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Why your online identity can never really be erased

Taylor Armerding | Aug. 5, 2014
An EU court has ruled that its citizens have 'the right to be forgotten.' Privacy experts say it is possible to make certain information harder to find, but that it is not going to disappear.

"It is no longer reasonable or even possible for the right to privacy to allow data subjects a right to remove links to data which are accurate and lawfully available," the committee said.

Meyer wrote that no one so far has been able to resolve what he called a "fundamental paradox ... the internet's very nature pushes a certain transmit-it-all, retain-it-all ethos that is possibly impossible to stop, but that also flies in the face of privacy principles held very deeply by many countries and citizens.

"Somebody, please, find a realistic way to fix this," he wrote, noting that the stakes are high -- that people's lives can be destroyed, "by random comments they made online as kids."

If there is a way to fix it, it will likely take more than government. Privacy advocates also agree that individuals need to take responsibility for their own privacy.

One way, which is somewhat after the fact, is for people to turn themselves into a "virtual entity" -- a technique profiled in CSO several years ago. Professional skip tracer Frank Ahern said he helps clients open a corporation and conduct all their activities through that.

"Everything about you exists under the corporation," he said. 'The address doesn't have to be in the same city you're in. The goal is to make you virtual and have you communicate virtually through this corporation."

Another technique, Ahern said, is to "create confusion" with multiple, bogus identities. "We develop about 15 to 20 web sites and create all these social media sites around you. Now if you are traveling somewhere and someone puts your name in, they are going to locate those 20 other people before they get to you."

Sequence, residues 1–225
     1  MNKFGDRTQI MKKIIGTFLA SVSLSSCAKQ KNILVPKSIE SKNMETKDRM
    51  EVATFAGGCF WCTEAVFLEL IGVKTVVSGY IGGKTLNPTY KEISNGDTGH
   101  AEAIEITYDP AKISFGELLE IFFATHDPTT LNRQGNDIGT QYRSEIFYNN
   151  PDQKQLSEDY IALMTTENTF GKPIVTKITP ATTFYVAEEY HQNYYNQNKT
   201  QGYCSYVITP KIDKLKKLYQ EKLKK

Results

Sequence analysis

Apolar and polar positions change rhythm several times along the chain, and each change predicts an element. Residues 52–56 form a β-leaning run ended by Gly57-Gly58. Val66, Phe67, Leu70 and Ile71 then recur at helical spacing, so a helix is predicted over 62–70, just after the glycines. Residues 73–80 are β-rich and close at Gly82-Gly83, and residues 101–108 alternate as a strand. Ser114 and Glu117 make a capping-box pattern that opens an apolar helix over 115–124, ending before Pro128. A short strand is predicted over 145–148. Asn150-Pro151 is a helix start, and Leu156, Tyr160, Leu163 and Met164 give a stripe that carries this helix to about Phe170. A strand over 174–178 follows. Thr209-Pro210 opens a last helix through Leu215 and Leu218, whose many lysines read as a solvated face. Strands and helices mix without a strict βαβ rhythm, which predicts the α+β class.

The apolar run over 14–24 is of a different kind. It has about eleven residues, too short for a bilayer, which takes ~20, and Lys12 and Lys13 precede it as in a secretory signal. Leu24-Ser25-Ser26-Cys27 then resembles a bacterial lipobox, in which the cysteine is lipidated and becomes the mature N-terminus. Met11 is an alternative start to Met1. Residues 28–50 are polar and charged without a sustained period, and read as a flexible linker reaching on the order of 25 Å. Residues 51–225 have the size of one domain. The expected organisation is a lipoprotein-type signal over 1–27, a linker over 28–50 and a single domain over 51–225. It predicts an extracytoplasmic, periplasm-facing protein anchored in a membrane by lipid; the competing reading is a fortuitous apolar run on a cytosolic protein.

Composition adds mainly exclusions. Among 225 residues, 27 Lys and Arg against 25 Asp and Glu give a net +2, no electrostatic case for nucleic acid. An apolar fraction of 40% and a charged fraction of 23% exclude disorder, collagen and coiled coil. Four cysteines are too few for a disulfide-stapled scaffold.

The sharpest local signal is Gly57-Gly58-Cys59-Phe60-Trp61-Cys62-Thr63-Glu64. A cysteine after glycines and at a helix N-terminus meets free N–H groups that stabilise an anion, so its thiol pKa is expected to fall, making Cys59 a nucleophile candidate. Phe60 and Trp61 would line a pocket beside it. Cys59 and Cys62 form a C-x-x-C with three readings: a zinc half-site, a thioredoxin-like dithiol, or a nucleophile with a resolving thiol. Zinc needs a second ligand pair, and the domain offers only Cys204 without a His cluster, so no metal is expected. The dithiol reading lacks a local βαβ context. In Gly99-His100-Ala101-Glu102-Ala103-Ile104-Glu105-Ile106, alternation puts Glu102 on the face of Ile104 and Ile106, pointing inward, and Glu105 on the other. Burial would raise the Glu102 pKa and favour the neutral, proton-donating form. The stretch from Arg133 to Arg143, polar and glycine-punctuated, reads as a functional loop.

But even that, he and others agree, is less foolproof than simply being much more careful about what you put online. Theresa Payton, CEO of Fortalice and a former White House CIO and social media expert, said neither governments nor hired service providers can protect you, "if you do not take steps to protect yourself."

She offered a basic list that she said everyone should follow:

- Take sensitive information and conversations offline.

- Leverage two factor authentication and encryption to add a layer of protection.

- Use communication tools that let you set expiration dates on your messages

- Use features such as Google's Incognito browser

- Abide by the "Grandma Rule and the Bad Guy Rule." Ask yourself, "Would I be embarrassed if Grandma saw this post?"(And, "If a bad guy saw this, could he hurt me or my loved ones?" If yes, leave it offline.

But, she agrees that people need help from government, since they don't always have complete control over what is posted about them.

 

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